The collection of small businesses, nonprofits, and chain stores on E. 10th St. gives the corridor a unique character, one that extends to the rest of the Near Eastside in many ways. These businesses, along with their owners and managers, are assets in a community too often identified by its deficits. Those deficits shouldn’t be ignored or overlooked, but they certainly shouldn’t define an area that has so much positivity and creativity to offer both those who call the Near Eastside home and those who venture to our neighborhoods for shopping, dining, and recreation.
The Near Eastside has a lot to be proud of; its fortitude in times of trouble, the willingness to organize to make change, and the beautiful parks, greenspace, and architecture that can be found on this side of town just for starters. The residents and stakeholders here are dedicated to making our neighborhoods a hub for artists and art activity, as evidenced by the Near Eastside Quality of Life Plan, and the IndyEast Promise Zone goals.
Ian Kime opened Kime Contemporary with the awareness it takes to be successful on the Near Eastside. He doesn’t want to create a revolution in the neighborhood; he wants to be part of the inclusive evolution of the neighborhood. Kime Contemporary is a gallery and art studio across the street from Pogue’s Run Grocer.
Why E. 10th? The answer was somewhat surprising and very to the point; the owners of the space at 2827 E. 10th St. responded to his calls and were willing to work with him. Ian had run in to roadblocks at several points along the way trying to find a space that would work. Most of the time, the problem was as simple and frustrating as unresponsive property owners. Ian couldn’t get ahold of anyone. So when the owners of 2827 E. 10th St. responded, things finally began to fall into place.
However, in increasingly in-demand markets, it takes more than responsive property owners for an artist to land a physical studio. Ian says that as soon as he started discussing his ideas with the owners of the building, they were supportive. They had other offers on the space; established businesses willing to build the space out. But the owners took a chance on Ian, because they thought that he’d be good for the space, the neighborhood, and for Indianapolis. It takes this kind of investment and encouragement from property owners that value art in order for the arts to thrive.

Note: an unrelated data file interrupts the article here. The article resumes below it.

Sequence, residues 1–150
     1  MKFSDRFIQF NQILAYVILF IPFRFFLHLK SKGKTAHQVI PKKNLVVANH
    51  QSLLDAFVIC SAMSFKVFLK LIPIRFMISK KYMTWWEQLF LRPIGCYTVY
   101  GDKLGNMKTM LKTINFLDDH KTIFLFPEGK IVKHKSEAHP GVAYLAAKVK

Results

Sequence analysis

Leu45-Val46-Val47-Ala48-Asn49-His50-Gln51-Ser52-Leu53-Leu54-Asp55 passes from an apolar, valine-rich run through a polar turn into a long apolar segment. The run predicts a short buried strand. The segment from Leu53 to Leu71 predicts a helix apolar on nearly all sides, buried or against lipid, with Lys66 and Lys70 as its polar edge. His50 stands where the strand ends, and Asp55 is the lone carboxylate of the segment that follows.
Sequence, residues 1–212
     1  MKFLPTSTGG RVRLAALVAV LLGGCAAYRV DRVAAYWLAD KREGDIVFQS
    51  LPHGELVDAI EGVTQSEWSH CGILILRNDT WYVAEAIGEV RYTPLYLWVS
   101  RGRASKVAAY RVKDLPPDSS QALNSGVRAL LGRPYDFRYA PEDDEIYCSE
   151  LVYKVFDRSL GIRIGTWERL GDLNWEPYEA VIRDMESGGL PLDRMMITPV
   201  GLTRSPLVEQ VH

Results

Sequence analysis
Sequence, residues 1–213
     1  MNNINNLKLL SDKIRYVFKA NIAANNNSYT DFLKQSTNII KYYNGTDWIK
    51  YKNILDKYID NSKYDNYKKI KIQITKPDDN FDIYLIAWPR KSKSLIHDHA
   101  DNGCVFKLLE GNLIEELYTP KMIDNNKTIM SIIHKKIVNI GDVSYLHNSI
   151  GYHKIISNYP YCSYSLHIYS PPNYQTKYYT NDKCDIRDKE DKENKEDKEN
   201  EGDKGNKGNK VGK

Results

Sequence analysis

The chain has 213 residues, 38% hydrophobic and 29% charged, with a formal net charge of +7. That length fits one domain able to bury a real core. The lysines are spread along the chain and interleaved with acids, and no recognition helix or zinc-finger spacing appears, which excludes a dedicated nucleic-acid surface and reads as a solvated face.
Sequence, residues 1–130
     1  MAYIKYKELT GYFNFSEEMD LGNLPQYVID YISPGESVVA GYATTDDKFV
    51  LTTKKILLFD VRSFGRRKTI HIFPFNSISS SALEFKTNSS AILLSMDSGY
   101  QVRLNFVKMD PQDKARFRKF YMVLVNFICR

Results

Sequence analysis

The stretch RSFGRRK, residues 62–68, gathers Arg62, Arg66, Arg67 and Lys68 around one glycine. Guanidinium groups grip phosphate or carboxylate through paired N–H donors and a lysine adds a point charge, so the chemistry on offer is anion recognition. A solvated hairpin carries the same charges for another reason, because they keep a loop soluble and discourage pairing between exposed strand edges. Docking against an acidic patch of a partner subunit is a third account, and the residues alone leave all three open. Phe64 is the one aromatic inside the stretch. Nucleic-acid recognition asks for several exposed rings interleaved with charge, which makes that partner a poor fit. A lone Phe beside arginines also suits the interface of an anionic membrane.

Ian is the artist. He has his space. What else is needed to create a culture of art appreciation? Engaged residents. Everyday people investing their time, money, and energy into art consumption and creation. Grassroots buy-in.
Kime Contemporary will be open for the next few First Fridays, and on other weekends in the months ahead as the gallery rotates featured artists. The studio was also open for the First Thursday event on March 1st, labeled Collectors’ Night, in order to bring out those interested in purchasing art and taking in the atmosphere at a slower and calmer pace than the typical First Friday event. Ian is excited for this expansion of art-going events, especially if it means more opportunities to get artists paid for their work. However, he thinks that there is room to expand access to the arts. Right now, with the First Fridays model, folks end up going out to experience the arts up close and personal one night a month. One night is a short amount of time to experience all that the Indy arts scene has to offer, and artists, studios, and venues inevitably end up competing for the same audience one night every month.
A neighborhood-focused model, in which specific neighborhoods have specific art nights throughout the month, could help flesh out the crowd over a wider geographic area. It would also encourage art consumers of all types to get out of their comfort zone and see different distinct neighborhoods in Indianapolis, including those developing on the Near Eastside. But no matter what happens, the most important factor is a sustainably engaged resident audience.
For the first weekend of February, Ian opened up his space to anyone who wanted to come in and create art on the walls of the studio. It was a communal effort, an open invitation to get the people from the community to come in the doors and express themselves artistically. It was a way for Kime Contemporary to become a part of the community. The result was a unique work of art created communally on the walls of his studio.
We look forward to seeing what Kime Contemporary has to offer in the future. It’s an exciting time to be tapped in to the arts in Indianapolis, and we’re thankful to have Ian here to bring Near Eastsiders into the fold, alongside Cat Head Press and the Circle City Industrial Complex. The IndyEast Promise Zone is dedicated to encouraging future Arts Based Community Development initiatives that engage the community in a meaningful way.
Visit Kime Contemporary will be open at 2817 E. 10th Street Friday, March 2nd, for First Friday, and also look into the Collectors’ Night events that will be happening every First Thursday before First Friday to see what they’re all about.